And the prologue! Thanks for sticking with me, I know the updates haven't been particularly frequent/long/regular delete as applicable, I appreciate any feedback you can give me now the story's over!

Talos/Tiber Septim is the God of War and Governance

Mara is the Mother Goddess and Goddess of Love

"Not yet," Iona whispered, her eyes closed. "Not yet, I'm not ready."

"You would refuse your place upon the pantheon?" Akatosh's voice was not angry. It was loud, and all encompassing. It sound like a wise man, a young girl, a crying baby, and a screaming warrior all at the same time, the voices overlapping to produce the voice of a God.

"Not refuse, postpone." Now she opened her eyes, only to see nothing but blinding light surrounding her. "My previous lives were full, and for the most part they were happy. They lived, they laughed, they loved and they died. I ask only the chance to do the same once more. I would live as Iona, as I lived as them, without the influence they have wielded over me this past year."

"Why do you ask this? Did you not accept them as a part of you?"

"That I did, Lord Akatosh, however, Iona is a part of me too. Right now, she is the main part of me, the one that still lives and draws breath. I would allow this life it's completion before I join you, here in the pantheon."

"Let it be so, Lord Akatosh," a gentle voice murmured. Iona could still see nothing but the light, but instinctively she found she knew who was talking: Mara, Goddess of Love. "Allow this life to finish its cycle, so that Talos can be complete. Balance must be achieved in all things. In life, in our work… and in love. This woman has much yet to give to the world."

There was silence, and Iona was forced to wait, knowing that the father of the Gods was deciding her fate.

"Very well then, Mage Iona. You shall return to Nirn and live your life. The essence of Talos, the memories of your previous lives, shall remain here, to reconnect with you upon your death."

"Thank you," Iona began, but the light was receding, and she was falling.


"FEIM ZII GRON!" Iona shouted as the ground rushed up to meet her. She felt the landing, but the sudden presence of the ground didn't hurt. Standing, she glanced around to try and orientate herself, to work out where she'd landed.

It didn't take her too long to spot Dragonsreach upon the horizon. Perfect.

The walk was short, no more than an hour or so, and she met no one on the road. By the time she entered the city, it was dark, the streets almost empty.

Still, the guards stared at her with wide eyes, and Iona had to wonder just how long she'd been gone – did time work differently in the realms she'd visited? The hearth was warm when she entered Breezehome, the embers of a dying fire telling her that someone was in. She moved up the stairs as quietly as she could, and checked the master bedroom – it was empty, everything exactly where she had left it on her last visit.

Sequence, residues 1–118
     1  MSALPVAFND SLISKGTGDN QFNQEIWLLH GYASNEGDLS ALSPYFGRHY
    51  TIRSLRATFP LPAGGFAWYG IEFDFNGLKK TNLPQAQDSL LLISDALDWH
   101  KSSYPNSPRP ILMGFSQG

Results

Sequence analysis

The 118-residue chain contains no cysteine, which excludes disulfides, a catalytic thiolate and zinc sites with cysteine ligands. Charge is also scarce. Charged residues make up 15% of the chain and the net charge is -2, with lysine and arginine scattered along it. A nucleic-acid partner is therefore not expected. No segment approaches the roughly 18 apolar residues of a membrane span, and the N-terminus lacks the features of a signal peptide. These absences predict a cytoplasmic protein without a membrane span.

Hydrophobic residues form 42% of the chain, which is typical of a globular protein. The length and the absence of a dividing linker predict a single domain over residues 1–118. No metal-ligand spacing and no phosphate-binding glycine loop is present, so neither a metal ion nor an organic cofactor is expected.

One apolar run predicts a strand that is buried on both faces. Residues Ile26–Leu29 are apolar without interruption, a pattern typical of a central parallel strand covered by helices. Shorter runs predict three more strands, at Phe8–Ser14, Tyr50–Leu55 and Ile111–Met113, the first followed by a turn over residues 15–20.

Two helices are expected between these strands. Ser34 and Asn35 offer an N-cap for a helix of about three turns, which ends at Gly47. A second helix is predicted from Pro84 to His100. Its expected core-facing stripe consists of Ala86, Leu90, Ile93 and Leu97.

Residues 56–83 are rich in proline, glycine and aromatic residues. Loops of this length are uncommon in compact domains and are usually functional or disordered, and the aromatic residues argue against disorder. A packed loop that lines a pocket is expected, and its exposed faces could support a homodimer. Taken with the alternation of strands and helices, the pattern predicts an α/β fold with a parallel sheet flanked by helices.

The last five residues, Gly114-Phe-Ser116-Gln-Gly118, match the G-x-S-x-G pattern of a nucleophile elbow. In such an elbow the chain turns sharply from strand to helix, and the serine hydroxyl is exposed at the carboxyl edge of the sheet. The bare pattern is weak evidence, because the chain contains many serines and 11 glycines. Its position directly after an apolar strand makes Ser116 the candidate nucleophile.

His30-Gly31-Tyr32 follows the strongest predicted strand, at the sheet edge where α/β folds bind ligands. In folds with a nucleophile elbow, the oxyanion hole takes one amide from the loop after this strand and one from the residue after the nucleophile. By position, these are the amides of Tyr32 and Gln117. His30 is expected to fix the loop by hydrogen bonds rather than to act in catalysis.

When she opened the door to Lydia's room a crack, the housecarl looked up from her book and smiled. "You've got to stop doing this disappearing thing," Lydia said. "It's getting really repetitive." And then she burst into tears.

Iona took care of the dragons outside of Whiterun the following morning, but she very deliberately avoided Jorvaskr. It was shameful, she knew, but that was a conversation she wanted to put off just a little while longer.

Instead she headed to Riften, and dealt with their dagons before heading south to Nightingale Hall, where Karliah lived, and Brynjolf was waiting as per her request.

"You're resigning?" Brynjolf said when she explained her plans, his tone flat. "Can you even do that?"

"Honestly, I'd like to see you stop me," she replaid with a grin.

"And you're not a Nightingale anymore?" Karliah marvelled aloud. "Are you sure?"

"Quite. I've got enough to be getting along with once I die without adding guarding the Midnight Sepulchre to the list."

"Are we going to get an explanation for that part, lass?"

"Unlikely," she replied, grinning. "I leave the guild in your most capable hands."

"Aye, you do that. Make sure to drop into the Flagon some time though. I'll even buy you a drink."

"I'll hold you to that."


The cave was in ruins, just as she remembered. The burnt coffin in which the Night Mother's corpse had rested was broken, and it was just an empty box. It held no power, and the memory of what Iona had done in her name rang untrue in her mind. She could not remember those months she had been convinced she was the assassin, but she remembered the times of uncertainty, when her original self pushed her way to the surface.

It had been enough in the end. This place held no power over her any more.

The soul enveloped her, and it was calming. The power swelled within her chest, warm and familiar. "That was fun," Lydia said drily from the other side of the skeleton, picking her way around to stand next to Iona.